Biomedicine & pharmacotherapy = Biomedecine & pharmacotherapie

Methylphenidate clinically oral doses improved brain and heart glutathione redox status and evoked renal and cardiac tissue injury in rats.

PMID 29482048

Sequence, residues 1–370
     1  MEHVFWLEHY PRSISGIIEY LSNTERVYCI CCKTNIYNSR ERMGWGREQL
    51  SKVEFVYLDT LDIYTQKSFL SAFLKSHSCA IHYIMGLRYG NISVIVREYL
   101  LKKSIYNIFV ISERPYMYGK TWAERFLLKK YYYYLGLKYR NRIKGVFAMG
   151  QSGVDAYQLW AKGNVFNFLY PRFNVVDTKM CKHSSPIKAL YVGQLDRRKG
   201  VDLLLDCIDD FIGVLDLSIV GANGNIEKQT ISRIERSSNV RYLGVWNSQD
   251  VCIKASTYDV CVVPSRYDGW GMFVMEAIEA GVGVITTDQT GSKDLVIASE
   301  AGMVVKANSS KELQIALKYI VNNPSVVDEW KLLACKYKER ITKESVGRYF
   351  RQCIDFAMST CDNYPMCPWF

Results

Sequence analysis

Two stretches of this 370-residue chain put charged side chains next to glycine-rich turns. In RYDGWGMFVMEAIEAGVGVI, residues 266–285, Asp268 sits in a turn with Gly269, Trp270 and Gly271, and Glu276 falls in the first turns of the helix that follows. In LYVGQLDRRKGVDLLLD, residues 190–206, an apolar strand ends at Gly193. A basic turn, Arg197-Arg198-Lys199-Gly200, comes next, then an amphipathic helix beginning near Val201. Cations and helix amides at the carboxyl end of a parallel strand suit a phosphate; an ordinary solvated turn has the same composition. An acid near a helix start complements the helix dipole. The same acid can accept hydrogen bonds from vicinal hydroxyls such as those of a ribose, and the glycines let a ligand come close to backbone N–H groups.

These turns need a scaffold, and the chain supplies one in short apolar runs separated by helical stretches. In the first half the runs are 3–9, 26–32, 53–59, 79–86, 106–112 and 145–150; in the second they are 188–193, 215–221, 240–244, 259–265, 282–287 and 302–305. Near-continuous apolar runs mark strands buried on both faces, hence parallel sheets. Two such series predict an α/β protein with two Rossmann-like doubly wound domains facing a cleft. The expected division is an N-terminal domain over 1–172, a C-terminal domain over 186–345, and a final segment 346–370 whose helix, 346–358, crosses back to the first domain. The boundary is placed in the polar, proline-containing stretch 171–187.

Methylphenidate (MPH) is a first-line stimulant drug to treat attention deficit hyperactivity disorder (ADHD). Overdiagnosis of ADHD and MPH abuse lead to serious concerns about the possible long-term adverse consequences of MPH in healthy children and adolescents. We aimed to evaluate MPH effects in adolescent male Wistar rats (postnatal day 40) using an oral dose scheme (2 daily MPH doses 5 mg/kg in a 5% sucrose solution, 5 h apart, for 7 days) that mimics the therapeutic doses given to human adolescents. Twenty-four hours after the last MPH administration, rats were sacrificed and brain areas [cerebellum, prefrontal cortex (PFC), hippocampus, and striatum], peripheral organs (liver, heart, and kidneys), and blood were collected for biochemical and histological analysis. MPH treatment did not alter rats' body temperature or weight, neither food or water intake throughout the experiment. The ratio of reduced glutathione/oxidized glutathione (GSH/GSSG) significantly increased in the PFC and hippocampus of MPH-treated rats, meanwhile protein carbonylation remained unchanged in the brain. In the heart, the GSH/GSSG ratio and GSH levels were significantly increased, with decreased GSSG, while histology revealed significant damage, namely interstitial edema, vascular congestion, and presence of a fibrin-like material in the interstitial space. In the kidneys, MPH treatment resulted in extensive necrotic areas with cellular disorganization and cell infiltration, and immunohistochemistry analysis revealed a marked activation of nuclear factor-ĸB. This study showed that clinically relevant oral MPH doses improve the GSH redox status in the brain and heart, but evoke heart and kidney tissue damage to adolescent rats.